Where we love walking in Chile

Chile patagonia torres del paine walking woman resting admiring mountains

Biased though we may be, there are few countries which better reward putting one foot in front of the other than Chile. Valleys, mountains, volcanoes, lakes, glaciers and deserts are best explored slowly, revealing their beauty one step at a time. There's something extraordinarily special in lacing up your walking boots, slipping on your daypack and heading out into the morning sun, with nothing but the glorious outdoors ahead.

For the sheer diversity of scenery, for the scale and drama of the landscapes and for the ability to get way off the beaten track and away from the crowds, Chile is hard to beat.

Why Chile is so special to Pura

If you'll forgive a moment of self-indulgence, we'd like to share our story with you quickly, because it is inextricably linked to the walking trails of Chile. It's the very reason we share the places we do, the places where you might end up exploring yourself.

An Englishman, a Basque and an Asturian met at the bottom of the world - it's not the start of a bad joke, but rather the start of Pura Aventura. A chance meeting in Torres del Paine in 1994 sowed the seeds for what we are today. They struck up an instant friendship and walked just about every trail in the park. Then they resolved to share it with a wider audience. Having extended their focus to the rest of Chile and across Spain, Pura sprang to life in 1999. Walking was at the heart of it and remains so today.

So you can rest assured there's no guesswork in what follows, no rushed conclusions. We've been there, done that and worn out our walking boots. We have strong opinions, so if we don't like something, we'll soon say. The below is therefore a snapshot of what has moved us in the past 20-odd years of wandering around the national parks and quiet corners of a country we hold so dear, for obvious reasons. We've picked out our favourite walks, with suggested sample itineraries for you to consider and links to deeper dives into each of the four regions.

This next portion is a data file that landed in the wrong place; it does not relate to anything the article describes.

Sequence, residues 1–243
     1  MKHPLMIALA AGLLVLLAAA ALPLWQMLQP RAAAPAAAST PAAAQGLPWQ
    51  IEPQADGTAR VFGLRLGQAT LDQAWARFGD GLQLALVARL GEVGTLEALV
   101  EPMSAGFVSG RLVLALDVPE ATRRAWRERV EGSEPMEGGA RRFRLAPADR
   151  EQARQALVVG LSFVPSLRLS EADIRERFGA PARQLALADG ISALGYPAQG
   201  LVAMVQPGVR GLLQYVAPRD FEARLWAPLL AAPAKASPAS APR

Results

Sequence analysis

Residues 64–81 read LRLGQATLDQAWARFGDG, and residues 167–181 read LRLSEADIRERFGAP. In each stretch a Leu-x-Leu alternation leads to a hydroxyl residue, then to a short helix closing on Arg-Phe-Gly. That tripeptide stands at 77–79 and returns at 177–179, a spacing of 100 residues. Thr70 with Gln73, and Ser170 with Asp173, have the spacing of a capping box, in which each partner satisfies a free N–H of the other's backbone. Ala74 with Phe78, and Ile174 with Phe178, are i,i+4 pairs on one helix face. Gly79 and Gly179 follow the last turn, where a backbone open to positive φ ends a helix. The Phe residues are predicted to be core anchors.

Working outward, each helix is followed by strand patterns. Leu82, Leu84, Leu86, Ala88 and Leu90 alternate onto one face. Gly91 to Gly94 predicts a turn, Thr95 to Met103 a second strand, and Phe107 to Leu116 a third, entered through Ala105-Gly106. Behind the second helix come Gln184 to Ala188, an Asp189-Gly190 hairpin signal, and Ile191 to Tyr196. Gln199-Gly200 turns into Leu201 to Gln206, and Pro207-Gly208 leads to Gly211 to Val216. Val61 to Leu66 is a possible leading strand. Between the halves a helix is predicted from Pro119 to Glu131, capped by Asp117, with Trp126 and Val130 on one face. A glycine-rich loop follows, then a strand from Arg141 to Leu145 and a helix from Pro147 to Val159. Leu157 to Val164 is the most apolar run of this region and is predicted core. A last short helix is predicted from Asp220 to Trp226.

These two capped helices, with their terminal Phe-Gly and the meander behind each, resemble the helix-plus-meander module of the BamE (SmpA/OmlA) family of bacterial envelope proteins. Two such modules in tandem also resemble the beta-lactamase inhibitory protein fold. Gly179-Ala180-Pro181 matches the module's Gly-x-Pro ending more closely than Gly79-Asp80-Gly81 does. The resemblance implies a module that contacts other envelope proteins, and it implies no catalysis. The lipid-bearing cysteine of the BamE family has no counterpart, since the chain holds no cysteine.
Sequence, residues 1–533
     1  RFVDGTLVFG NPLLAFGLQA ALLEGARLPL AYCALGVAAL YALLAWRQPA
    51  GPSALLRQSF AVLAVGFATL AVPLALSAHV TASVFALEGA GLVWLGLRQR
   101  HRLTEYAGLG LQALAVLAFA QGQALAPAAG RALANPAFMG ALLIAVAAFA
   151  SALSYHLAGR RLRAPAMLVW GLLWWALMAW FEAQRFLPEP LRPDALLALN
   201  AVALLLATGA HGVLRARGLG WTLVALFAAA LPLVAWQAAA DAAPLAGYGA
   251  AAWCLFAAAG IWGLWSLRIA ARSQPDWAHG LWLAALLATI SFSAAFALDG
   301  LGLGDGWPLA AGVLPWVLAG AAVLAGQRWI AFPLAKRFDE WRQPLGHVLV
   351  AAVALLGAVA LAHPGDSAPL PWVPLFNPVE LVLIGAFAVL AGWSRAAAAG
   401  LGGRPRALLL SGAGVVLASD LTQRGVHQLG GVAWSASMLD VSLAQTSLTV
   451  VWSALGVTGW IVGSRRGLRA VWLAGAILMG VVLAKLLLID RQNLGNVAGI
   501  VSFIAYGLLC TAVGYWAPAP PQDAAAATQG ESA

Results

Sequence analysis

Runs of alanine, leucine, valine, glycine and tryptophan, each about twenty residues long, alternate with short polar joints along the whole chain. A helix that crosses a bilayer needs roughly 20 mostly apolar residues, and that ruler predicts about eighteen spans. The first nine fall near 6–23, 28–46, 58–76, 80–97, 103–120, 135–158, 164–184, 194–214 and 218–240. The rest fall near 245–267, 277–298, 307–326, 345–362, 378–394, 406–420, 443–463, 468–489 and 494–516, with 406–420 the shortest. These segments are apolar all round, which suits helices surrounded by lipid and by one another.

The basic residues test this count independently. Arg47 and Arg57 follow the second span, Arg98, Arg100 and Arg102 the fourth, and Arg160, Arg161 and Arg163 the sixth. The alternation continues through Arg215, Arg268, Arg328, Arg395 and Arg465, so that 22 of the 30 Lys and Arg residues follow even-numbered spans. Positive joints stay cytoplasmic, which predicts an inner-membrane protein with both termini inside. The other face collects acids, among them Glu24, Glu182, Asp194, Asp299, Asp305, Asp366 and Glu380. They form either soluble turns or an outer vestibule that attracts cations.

We hope it inspires and informs.

Carretera Austral - Chile's Southern Highway

There's an obvious place to start when considering the best places to walk in Chile. But we're not going to do that, there's somewhere we think you'll love even more.

Following the meeting of minds in Torres del Paine, being the adventurous soul that he is, the Englishman - Thomas Power - hitch-hiked 3,000km back to Santiago. They were different times. That journey opened his eyes to the genuinely untouched raw beauty of the little-known Aysén region and the unceasingly warm hospitality of ordinary Chileans.

Mercifully, the Carretera Austral remains sufficiently off the tourist trail that we can still be moved by it in the same way Thomas was over 20 years ago. We take immense pleasure in sharing it with our travellers, the majority of whom love to walk and who might have originally expected to be visiting Torres del Paine.